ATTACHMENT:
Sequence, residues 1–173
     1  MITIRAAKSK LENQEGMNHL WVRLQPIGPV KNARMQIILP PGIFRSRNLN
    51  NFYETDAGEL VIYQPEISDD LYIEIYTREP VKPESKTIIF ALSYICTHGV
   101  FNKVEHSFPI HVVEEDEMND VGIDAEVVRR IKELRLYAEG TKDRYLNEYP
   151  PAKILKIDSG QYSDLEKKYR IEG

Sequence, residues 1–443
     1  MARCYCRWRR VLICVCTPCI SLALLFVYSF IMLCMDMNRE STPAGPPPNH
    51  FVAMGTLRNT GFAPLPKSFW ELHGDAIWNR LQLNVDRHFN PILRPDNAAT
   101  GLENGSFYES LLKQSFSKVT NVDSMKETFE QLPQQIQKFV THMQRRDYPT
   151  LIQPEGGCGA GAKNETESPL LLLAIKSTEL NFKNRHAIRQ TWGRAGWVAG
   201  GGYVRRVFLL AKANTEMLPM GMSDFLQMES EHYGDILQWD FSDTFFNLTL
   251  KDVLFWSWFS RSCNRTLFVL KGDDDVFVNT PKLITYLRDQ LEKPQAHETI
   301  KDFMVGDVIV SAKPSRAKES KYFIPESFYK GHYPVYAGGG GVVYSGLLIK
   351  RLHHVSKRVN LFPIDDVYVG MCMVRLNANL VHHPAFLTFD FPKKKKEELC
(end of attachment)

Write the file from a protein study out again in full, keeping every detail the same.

Sequence, residues 1–173
     1  MITIRAAKSK LENQEGMNHL WVRLQPIGPV KNARMQIILP PGIFRSRNLN
    51  NFYETDAGEL VIYQPEISDD LYIEIYTREP VKPESKTIIF ALSYICTHGV
   101  FNKVEHSFPI HVVEEDEMND VGIDAEVVRR IKELRLYAEG TKDRYLNEYP
   151  PAKILKIDSG QYSDLEKKYR IEG

Sequence, residues 1–443
     1  MARCYCRWRR VLICVCTPCI SLALLFVYSF IMLCMDMNRE STPAGPPPNH
    51  FVAMGTLRNT GFAPLPKSFW ELHGDAIWNR LQLNVDRHFN PILRPDNAAT
   101  GLENGSFYES LLKQSFSKVT NVDSMKETFE QLPQQIQKFV THMQRRDYPT
   151  LIQPEGGCGA GAKNETESPL LLLAIKSTEL NFKNRHAIRQ TWGRAGWVAG
   201  GGYVRRVFLL AKANTEMLPM GMSDFLQMES EHYGDILQWD FSDTFFNLTL
   251  KDVLFWSWFS RSCNRTLFVL KGDDDVFVNT PKLITYLRDQ LEKPQAHETI
   301  KDFMVGDVIV SAKPSRAKES KYFIPESFYK GHYPVYAGGG GVVYSGLLIK
   351  RLHHVSKRVN LFPIDDVYVG MCMVRLNANL VHHPAFLTFD FPKKKKEELC